I've got to know that the 'T' sound in American English has various pronunciation rules.

For example, flap T. And also one of the rule is when T sound followed by an 'n' sound or 'ən' sound, the 'T' SOUND WILL NOT ASPIRATE and people will directly pronounce the 'n' or 'ən' sound through nose, like 'imporTant', 'senTence'.

But, for the second 'd' sound in word 'indepenDent', should the second d sound be pronounced or not in American English in the actual conversation?

I know that all the voice or voiceless consonants are not aspirated while they are followed by other consonants. But I'm not sure whether it's OK for this word as d is followed by 'ən' sound. OR it can be both ways, cause I have heard one native speaker pronounced the 'D' sound. I want to know which one is most common way to pronounce this word or this type of words?

  • I don't really understand the question, but does this help? Voiceless stops ([p], [t], and [k]) are aspirated ([ph], [th], and [kh]) when they occur immediately before (no sound in between) a stressed vowel, and there is no [s] in front of the voiceless stop. So, they are not aspirated after [s], if they occur before an unstressed vowel, or if there is a liquid or glide between the stop and the vowel (and then the liquid/glide is considered voiceless = [r]) Commented Sep 17, 2016 at 14:57
  • 3
    The pronunciation of independent with and without the second /d/ are both common, and they both should be considered correct. Which one is the most common? You could go and listen to 10,000 Americans selected at random from various regions to the country and count how many used each pronunciation. Or you could just choose whichever pronunciation you prefer and use it. I think the second alternative is much easier. Commented Sep 17, 2016 at 15:47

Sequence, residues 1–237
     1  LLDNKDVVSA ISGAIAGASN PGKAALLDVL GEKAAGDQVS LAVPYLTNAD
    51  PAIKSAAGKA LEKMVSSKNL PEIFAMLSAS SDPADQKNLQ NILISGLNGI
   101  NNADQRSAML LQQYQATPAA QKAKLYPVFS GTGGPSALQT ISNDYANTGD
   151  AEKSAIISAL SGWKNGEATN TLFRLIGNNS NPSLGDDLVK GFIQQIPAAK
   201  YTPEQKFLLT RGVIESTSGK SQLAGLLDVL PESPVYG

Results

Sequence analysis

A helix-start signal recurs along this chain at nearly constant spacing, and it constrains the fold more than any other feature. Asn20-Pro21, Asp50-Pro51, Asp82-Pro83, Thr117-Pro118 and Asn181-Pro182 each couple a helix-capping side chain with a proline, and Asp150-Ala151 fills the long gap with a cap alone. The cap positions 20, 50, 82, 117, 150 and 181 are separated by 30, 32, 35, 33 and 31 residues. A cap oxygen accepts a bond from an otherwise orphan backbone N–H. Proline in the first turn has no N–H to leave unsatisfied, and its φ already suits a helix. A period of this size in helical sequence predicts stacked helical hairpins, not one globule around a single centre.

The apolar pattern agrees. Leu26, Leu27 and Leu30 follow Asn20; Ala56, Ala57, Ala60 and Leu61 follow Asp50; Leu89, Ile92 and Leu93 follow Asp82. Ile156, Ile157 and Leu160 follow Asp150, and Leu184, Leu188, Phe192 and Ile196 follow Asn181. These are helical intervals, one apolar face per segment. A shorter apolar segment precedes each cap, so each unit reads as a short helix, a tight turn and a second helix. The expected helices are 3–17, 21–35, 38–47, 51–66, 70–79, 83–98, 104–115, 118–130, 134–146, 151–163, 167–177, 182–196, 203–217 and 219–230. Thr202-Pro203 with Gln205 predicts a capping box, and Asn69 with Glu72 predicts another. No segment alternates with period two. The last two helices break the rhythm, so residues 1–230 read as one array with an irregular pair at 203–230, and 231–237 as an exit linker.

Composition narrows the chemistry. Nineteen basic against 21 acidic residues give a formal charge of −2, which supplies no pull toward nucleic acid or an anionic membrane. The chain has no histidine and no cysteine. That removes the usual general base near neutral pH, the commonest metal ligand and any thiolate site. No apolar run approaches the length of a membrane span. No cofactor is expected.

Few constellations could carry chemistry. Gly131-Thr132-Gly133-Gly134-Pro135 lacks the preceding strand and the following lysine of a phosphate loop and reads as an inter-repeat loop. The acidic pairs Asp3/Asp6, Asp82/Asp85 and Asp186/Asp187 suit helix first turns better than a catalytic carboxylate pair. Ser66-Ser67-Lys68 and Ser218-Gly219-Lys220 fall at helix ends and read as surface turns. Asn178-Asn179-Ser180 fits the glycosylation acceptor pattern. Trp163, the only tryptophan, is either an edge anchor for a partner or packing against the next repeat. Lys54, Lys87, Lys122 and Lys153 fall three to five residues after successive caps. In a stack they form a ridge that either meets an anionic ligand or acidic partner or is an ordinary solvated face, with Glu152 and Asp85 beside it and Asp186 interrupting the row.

• "Independent" at Merriam-Webster merriam-webster.com/dictionary/independent click on red speaker icon after word and the computer will play an audio clip of the pronunciation.
    – MaxW
    Commented Sep 17, 2016 at 15:53

2 Answers 2


I have never heard anyone pronounce this word as "indepennant", if that is what you are asking.

A pronouncing dictionary will make that clear. For example, http://www.dictionary.com/browse/independent?s=t shows

[in-di-pen-duh nt]

I'm not saying this to suggest you shouldn't have asked. I'm giving you this suggestion so you can approach English pronunciation with more confidence.

  • 1
    I've certainly heard 'independent' pronounced as indepennant.
    – Void
    Commented Jan 24, 2021 at 17:12

In most American accents, when a stressed syllable ends in an /n/ and the next unstressed syllable starts with a /t/, the /t/ is usually dropped. So 'COUNter' becomes counner, ˈTWEN.ty' becomes twenni, ˈWAN.ted' becomes wannid etc. I think the same happens to a /d/ in that position. The third syllable in 'in.de.PEN.dent' is stressed and it ends in an /n/, the next unstressed syllable starts with a /d/, so the /d/ is often dropped. Here's an example on YouTube: Why Nothing Will Be Normal*

If you want to drop the /d/, you can; it's optional in casual speech.

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